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Romans 15:23-33

I urge you, brothers, by our Lord Jesus Christ and by the love of the Spirit, to join me in my struggle by praying to God for me. Pray that I may be rescued from the unbelievers in Judea and that my service in Jerusalem may be acceptable to the saints there, so that by God’s will I may come to you with joy and together with you be refreshed. The God of peace be with you all. Amen.

(verses 30-33)


In these few verses we get two powerful insights into prayer, springing directly from the experience of the Apostle Paul himself.

The first comes from the word he chooses to use in connection with prayer. Paul invites the Romans to “struggle together with me” by praying. “Struggle” is a word that comes from the context of athletic games (think of the Olympics), conjuring images of athletes engaging strenuously in competition for the prize. Significantly, the root word comes into English as “agony,” giving a sense of the effort that is expended in the struggle. That’s how you should pray, Paul is saying, with strenuous zeal, determination, and grit. It’s not to be in our own strength, since he tells us elsewhere to pray at all times “in the Spirit” (Ephesians 6:18), but we ourselves are to engage with intensity.

I’m not sure I usually think of breaking a sweat in prayer. Do you? This word challenges me to think again.

Paul uses the same root word to describe his apostolic ministry. He uses it when he urges Timothy to “fight the good fight” (1 Timothy 6:12) even as he himself has done (2 Timothy 4:7). Pray like that. On another occasion he tells the Colossians that his goal is to present everyone perfect in Christ, and he uses this word to describe the way he goes about it: “to this end I labour, struggling with all his energy” (Colossians 1:29). And he uses the same word again later, applying it specifically to the prayer ministry of Epaphras, saying, “he is always wrestling in prayer for you” (Colossians 4:12). There’s intensity to this activity.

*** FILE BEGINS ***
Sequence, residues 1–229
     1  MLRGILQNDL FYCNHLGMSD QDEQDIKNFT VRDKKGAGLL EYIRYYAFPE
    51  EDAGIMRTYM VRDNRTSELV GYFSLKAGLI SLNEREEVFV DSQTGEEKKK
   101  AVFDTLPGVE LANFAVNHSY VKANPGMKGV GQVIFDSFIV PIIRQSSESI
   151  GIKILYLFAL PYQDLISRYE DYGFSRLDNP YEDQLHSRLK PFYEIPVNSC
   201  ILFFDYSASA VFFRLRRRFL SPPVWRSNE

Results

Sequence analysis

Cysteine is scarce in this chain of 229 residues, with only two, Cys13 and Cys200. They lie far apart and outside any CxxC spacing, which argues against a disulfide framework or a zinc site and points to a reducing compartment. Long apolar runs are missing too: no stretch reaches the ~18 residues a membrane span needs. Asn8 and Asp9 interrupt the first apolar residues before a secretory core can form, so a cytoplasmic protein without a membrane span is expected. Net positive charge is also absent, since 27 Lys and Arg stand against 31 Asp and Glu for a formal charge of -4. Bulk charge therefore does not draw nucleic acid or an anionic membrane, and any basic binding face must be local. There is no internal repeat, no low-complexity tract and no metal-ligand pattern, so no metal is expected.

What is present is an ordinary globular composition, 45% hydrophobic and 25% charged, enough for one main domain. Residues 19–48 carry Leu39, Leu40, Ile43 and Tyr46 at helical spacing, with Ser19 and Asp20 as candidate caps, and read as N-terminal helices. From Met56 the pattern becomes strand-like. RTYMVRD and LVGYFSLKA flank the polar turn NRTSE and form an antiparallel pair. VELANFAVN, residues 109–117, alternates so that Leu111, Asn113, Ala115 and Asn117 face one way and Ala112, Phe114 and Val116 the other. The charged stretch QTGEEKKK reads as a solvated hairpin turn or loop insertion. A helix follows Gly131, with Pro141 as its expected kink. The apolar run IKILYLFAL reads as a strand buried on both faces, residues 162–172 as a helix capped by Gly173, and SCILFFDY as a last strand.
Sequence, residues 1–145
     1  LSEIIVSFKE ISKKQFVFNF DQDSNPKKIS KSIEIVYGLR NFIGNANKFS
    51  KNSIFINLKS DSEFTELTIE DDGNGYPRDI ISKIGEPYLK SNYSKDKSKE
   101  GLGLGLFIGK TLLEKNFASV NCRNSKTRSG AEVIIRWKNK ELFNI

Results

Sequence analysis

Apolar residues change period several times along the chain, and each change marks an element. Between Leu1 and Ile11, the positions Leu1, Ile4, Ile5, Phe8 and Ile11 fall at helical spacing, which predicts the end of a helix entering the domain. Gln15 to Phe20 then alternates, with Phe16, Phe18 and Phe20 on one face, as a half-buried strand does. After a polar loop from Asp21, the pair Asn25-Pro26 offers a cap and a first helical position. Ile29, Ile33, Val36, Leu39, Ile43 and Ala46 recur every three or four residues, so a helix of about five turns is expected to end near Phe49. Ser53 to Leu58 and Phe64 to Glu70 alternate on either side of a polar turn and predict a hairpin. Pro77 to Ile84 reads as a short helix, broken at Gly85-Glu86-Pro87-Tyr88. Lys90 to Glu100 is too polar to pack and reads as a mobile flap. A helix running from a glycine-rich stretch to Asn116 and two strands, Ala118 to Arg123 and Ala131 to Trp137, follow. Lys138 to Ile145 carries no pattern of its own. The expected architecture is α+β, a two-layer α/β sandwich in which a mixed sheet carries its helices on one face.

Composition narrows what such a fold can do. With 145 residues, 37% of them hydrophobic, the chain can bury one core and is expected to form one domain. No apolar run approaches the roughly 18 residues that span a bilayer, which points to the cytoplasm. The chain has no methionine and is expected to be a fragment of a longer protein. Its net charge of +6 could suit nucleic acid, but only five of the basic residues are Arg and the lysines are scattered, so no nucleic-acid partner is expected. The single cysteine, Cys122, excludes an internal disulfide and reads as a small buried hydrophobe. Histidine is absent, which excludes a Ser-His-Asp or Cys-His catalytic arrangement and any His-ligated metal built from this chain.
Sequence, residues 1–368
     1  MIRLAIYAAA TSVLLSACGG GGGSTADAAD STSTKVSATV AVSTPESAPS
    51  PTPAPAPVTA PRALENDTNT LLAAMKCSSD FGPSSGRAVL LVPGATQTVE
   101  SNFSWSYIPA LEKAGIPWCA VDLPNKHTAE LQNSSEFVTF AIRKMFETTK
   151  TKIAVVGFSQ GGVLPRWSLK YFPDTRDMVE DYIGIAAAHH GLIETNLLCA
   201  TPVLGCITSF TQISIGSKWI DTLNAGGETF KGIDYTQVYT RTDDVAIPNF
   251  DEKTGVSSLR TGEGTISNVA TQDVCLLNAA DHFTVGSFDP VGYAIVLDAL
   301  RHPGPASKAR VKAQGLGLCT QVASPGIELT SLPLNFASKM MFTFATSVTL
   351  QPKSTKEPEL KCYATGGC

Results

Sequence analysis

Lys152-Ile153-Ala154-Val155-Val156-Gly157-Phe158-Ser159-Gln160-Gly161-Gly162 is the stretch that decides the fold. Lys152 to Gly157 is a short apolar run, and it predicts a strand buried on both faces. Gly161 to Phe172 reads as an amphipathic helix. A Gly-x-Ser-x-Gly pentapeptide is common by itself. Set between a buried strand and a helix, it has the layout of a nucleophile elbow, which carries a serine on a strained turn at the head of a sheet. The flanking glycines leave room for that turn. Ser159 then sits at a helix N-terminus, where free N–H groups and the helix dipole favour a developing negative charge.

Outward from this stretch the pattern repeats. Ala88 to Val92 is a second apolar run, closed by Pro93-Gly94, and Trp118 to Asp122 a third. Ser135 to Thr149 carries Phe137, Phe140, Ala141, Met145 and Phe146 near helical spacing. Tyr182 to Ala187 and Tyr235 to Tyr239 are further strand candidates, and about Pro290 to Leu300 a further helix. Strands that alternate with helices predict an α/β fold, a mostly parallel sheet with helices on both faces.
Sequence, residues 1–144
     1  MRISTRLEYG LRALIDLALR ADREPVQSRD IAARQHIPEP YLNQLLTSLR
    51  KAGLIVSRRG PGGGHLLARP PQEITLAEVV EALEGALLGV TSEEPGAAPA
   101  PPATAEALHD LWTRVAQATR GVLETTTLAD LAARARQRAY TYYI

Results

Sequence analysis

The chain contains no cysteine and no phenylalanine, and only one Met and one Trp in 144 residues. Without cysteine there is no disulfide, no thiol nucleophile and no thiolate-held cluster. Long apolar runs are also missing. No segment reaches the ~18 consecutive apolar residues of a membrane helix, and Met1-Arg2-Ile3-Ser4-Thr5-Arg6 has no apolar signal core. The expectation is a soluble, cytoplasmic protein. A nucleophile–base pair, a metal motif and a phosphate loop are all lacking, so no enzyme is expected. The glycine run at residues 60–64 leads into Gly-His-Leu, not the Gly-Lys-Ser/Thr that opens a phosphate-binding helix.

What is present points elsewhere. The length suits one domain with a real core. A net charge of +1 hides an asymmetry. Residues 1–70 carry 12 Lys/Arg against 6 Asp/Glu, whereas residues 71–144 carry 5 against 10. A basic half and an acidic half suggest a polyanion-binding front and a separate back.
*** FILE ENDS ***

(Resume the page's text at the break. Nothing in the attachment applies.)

Prayer is real work. It’s not perfunctory, not just preliminary, not just preparing the way for the real work that will get done later. No. Prayer is itself the work. “Struggle together with me by praying,”Paul says.

The second insight into prayer comes from the prayer request itself. Paul is on his way to Jerusalem to deliver financial aid to the Jewish Christians there. As he goes, he asks the Romans to pray that his ministry would be successful, that he would be “rescued”from the actions of unbelievers, and that he might subsequently come to Rome itself to visit with those to whom he is now writing.

The latter part of the book of Acts lets us know how it all turned out. The prayer was answered, but not entirely as those praying Romans might have anticipated. Paul himself had some forewarning from the Spirit that “prison and hardships” awaited him (Acts 20:23), hence his prayer to be rescued. He was indeed kept safe from the hands of those who sought to take his life, but he ended up in Roman imprisonment for two years, followed by a long Mediterranean voyage as a prisoner (punctuated by shipwreck), followed by house arrest in Rome itself. The money did indeed get delivered to Jerusalem, Paul’s life was preserved, and he was able to welcome “all who came to see him” (Acts 28:30) while in Rome (members of the Roman church included). Was the prayer answered? Yes. Was it answered as I would have expected? No. Was it all in the Lord’s hands? Absolutely.

Both of these insights compel us to pray. Exert yourself strenuously in prayer. By the Spirit, passionately engage in this real work with intensity and energy. Fight the good fight. And as you pray, envisioning the answer, trust the Lord without reservation, knowing that he is sovereign and good. He is able. But his vision may be somewhat different than your own.


Sovereign Lord, I have issues on my heart which I bring to you now in prayer. Please empower me by your Spirit to struggle strenuously, with all the energy you give me, as I intercede. And as I do, I entrust the answers – their timing and their shape – fully into your hands. You are good. You are able. Praise your name.



What are one or two or three requests that are currently on your heart? Commit yourself to praying them with new intensity. Decide for yourself what that means. Struggle in prayer.


Photo by Samuel Martins on Unsplash

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